• Senate Bill 1001 creates the Illinois African American HIV/AIDS Response Fund to address the disproportionate rate of HIV/AIDS in the African-American community. The Fund will be used for HIV/AIDS prevention efforts and to establish a system for delivering HIV/AIDS services to reduce transmission among African Americans. The approved budget for fiscal year 2007 includes $3 million for the Fund.
• Senate Bill 2165 guarantees condo owners can freely observe the doctrines of their religion at home, including being able to display objects on their front door. The legislation was prompted by several cases in Chicago where co-op boards and condo associations have attempted to pass rules that would ban the display of religious symbols in hallways.
• Senate Bills 2303 and 2968 protect people trained in first aid or medical response from being sued for trying to help injured people. The new laws aim to alleviate worries by “Good Samaritans” that they could be sued for helping someone who is seriously injured.
• Senate Bill 2310 allows Illinois residents to place a security freeze on their credit reports. The legislation also requires a password to remove the freeze. The Illinois Attorney General Office’s Identity Theft Hotline has information on how to do that and other measures one can take to prevent identity theft. That number is (866) 999-5630.
• Senate Bill 2349 protects vulnerable homeowners from unscrupulous mortgage ‘rescue’ firms that purport to help avoid foreclosure, but instead profit at the homeowners’ expense by taking over the property and not alleviating the debt. The law gives homeowners new rights when dealing with companies that offer financial assistance to help them save their homes from foreclosure. It also guarantees that homeowners will receive a substantial portion of their equity in the home from the companies. Additionally, the new law creates new disclosure requirements for mortgage rescue companies.
• Senate Bill 2865 makes Illinois’ railroad crossings safer by giving local governments the ability to use photo enforcement at rail crossings to crackdown on drivers who go around lowered crossing gates. The legislation comes in response to an accident during Thanksgiving eve in 2005, when a Metra express train crashed into several cars trapped in rush-hour traffic at the Grand Avenue railroad crossing in Elmwood Park, injuring 16 people.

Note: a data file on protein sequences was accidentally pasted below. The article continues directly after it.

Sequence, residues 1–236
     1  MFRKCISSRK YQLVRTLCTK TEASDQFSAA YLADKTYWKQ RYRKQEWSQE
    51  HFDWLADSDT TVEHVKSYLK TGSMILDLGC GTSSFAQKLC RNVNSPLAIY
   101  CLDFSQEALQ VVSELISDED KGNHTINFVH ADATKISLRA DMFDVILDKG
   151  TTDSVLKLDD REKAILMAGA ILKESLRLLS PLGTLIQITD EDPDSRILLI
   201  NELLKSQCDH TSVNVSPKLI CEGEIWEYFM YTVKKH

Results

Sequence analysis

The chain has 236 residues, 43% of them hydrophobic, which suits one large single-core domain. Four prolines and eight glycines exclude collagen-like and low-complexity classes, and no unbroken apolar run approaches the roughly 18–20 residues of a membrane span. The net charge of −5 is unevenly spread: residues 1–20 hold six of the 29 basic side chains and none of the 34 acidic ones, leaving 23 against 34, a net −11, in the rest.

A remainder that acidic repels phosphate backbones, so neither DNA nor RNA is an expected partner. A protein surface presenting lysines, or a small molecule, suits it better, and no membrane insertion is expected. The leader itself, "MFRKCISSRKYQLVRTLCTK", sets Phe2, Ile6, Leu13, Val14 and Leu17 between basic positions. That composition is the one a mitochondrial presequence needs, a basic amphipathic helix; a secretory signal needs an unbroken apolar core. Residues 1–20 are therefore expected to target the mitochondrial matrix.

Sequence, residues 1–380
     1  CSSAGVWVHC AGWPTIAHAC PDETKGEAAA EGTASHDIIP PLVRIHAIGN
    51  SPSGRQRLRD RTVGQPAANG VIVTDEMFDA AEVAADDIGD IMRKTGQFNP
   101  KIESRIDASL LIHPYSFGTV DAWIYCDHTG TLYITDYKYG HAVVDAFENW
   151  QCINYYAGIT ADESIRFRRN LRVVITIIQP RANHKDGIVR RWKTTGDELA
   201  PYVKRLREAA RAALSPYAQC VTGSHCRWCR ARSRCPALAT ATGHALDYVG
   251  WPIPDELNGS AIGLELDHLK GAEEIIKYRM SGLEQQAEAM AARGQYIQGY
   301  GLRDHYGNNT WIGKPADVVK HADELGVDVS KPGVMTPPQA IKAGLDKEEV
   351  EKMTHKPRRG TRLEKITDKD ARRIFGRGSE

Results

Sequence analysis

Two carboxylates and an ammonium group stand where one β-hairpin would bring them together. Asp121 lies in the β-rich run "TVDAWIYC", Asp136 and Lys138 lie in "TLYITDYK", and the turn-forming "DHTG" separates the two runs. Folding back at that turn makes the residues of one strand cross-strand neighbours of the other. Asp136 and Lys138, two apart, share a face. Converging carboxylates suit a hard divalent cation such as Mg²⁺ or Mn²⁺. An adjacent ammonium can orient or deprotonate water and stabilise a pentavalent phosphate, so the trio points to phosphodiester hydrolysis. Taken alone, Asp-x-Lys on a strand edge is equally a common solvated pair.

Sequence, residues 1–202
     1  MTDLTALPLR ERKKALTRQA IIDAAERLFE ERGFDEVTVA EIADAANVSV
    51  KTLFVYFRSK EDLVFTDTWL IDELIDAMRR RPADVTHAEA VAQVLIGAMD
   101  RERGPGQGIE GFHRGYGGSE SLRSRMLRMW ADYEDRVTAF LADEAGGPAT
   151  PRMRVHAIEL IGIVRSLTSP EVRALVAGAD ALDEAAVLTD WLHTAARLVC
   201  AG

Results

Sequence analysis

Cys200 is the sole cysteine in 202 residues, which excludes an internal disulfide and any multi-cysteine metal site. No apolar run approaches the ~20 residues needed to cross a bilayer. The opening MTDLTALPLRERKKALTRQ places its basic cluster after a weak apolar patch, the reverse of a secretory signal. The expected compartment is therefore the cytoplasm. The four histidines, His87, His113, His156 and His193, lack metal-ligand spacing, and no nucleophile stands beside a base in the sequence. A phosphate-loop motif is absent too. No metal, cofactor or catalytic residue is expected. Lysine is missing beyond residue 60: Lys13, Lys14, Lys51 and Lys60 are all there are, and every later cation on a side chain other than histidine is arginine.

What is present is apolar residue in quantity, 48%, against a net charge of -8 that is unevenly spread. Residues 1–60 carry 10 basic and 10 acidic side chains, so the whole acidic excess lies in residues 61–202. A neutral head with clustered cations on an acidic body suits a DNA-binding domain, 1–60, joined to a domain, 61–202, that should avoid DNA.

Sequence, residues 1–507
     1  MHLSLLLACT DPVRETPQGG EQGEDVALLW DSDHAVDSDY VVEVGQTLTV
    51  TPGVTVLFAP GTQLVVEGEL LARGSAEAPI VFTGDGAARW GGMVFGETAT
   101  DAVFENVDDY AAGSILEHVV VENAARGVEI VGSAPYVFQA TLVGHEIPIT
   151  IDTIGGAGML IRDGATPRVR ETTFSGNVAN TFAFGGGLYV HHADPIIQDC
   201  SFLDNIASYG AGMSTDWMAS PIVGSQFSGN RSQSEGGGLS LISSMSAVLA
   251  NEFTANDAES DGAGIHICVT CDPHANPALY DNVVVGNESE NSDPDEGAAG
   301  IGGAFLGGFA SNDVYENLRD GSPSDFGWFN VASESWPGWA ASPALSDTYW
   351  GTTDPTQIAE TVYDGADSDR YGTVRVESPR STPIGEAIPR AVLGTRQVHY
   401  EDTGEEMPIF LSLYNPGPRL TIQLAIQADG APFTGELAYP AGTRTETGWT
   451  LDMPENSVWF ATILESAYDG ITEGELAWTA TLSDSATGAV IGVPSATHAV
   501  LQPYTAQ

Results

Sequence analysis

• Senate Bill 2885 helps make sure that Illinois working families, seniors and people with disabilities continue having access to affordable housing through the coordination of state government resources. Specifically, the legislation will encourage businesses to locate closer to public transportation and to the areas where their workforce lives.
• Senate Bill 3086 requires clear and convincing evidence that private land is necessary for a public use before it can be seized. The new law also requires governments to reimburse property owners for relocation expenses and, in some cases, legal fees. Additionally, the new legislation allows trial courts to reset the valuation date of the property if the trial begins more than two years after the filing. Currently, Illinois law only requires “just compensation” for property owners, which is the fair market value of the property plus any damage to associated property not taken through eminent domain.